- A group of 23 states on Friday sued to undo the Trump administration's determination that federal law bars California from setting stiff tailpipe emission standards.
- The department said federal law preempts state and local regulation of vehicle fuel economy.
A group of 23 states on Friday sued to undo the Trump administration's determination that federal law bars California from setting stiff tailpipe emission standards and zero-emission vehicle mandates.
The states, led by California and joined by the District of Columbia, Los Angeles and New York City, are seeking a court order blocking a determination unveiled Thursday by the U.S. Transportation Department and the National Highway Traffic Safety Administration, according to papers filed in the U.S. District Court in Washington.
"Mr. President, we'll see you in court," California Attorney General Xavier Becerra said in a statement.
The states suing include New York, Michigan, Colorado, Illinois, New Jersey, New York and Massachusetts.
The U.S. Transportation Department did not immediately comment on the suit. It said on Thursday that federal law preempts state and local regulation of vehicle fuel economy, including California's greenhouse gas vehicle emissions rules that are followed by about a dozen other states.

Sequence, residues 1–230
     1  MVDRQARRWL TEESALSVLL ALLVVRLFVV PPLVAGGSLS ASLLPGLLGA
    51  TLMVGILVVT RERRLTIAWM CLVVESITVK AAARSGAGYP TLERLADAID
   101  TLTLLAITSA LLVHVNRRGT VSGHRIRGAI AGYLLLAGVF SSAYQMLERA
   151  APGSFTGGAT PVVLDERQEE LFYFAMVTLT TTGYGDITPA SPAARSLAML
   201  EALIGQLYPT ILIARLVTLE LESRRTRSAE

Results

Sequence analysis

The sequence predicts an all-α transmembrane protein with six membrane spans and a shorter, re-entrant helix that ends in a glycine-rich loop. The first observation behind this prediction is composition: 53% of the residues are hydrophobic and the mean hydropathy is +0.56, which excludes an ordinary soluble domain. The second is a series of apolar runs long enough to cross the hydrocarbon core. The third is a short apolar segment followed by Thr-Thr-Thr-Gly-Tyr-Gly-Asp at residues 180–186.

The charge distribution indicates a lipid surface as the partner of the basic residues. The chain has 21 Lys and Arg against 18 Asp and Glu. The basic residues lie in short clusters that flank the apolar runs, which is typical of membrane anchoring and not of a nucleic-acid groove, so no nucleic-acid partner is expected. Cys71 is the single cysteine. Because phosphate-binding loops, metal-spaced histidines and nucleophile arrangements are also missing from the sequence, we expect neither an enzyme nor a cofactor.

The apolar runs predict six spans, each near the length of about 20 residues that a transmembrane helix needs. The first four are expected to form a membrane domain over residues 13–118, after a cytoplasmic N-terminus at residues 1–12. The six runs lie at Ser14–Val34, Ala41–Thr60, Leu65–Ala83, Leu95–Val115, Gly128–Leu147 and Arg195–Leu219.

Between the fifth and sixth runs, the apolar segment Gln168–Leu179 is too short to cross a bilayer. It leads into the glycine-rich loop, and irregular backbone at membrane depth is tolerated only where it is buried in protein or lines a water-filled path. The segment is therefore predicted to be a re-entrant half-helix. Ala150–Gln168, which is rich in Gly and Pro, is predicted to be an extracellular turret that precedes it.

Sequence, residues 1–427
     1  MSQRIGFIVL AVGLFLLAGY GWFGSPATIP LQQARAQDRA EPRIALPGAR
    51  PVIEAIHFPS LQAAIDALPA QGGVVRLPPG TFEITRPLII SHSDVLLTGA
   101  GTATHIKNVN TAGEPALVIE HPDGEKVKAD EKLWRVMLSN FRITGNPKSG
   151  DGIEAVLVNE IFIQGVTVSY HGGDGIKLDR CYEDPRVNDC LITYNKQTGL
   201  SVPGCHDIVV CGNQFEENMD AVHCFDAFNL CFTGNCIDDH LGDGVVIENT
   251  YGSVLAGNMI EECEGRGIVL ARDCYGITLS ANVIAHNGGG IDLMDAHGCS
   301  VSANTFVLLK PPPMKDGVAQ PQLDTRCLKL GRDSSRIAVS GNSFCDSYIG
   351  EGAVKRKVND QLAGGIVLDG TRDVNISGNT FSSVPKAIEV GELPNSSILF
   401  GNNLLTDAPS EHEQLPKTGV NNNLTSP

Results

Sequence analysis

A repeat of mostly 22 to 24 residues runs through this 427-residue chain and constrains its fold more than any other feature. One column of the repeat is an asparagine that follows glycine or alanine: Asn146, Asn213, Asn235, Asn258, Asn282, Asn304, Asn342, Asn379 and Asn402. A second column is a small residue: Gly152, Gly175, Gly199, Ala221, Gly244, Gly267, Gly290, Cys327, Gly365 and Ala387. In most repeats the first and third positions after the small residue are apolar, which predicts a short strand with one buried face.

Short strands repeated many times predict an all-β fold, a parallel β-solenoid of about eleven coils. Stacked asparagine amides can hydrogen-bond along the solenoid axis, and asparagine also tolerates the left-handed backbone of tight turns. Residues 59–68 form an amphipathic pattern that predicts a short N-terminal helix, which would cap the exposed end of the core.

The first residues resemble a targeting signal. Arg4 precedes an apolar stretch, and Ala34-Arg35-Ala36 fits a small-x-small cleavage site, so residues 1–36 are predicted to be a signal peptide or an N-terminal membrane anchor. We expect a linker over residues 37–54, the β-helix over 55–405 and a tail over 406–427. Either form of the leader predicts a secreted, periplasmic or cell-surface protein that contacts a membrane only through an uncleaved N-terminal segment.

The legal challenge does not address a parallel decision by the U.S. Environmental Protection Agency to revoke a 2013 waiver California received under the Clean Air Act to set emissions standards. That does not take effect until late November.
The lawsuit marks the latest salvo in a high-stakes battle between the Trump administration and state officials over the future of U.S. vehicles.
Becerra said the Transportation Department's determination was unlawful, and that the administration misread federal law and ignored the intent of Congress.
"The administration insists on attacking the authority of California and other states to tackle air pollution and protect public health," Becerra said.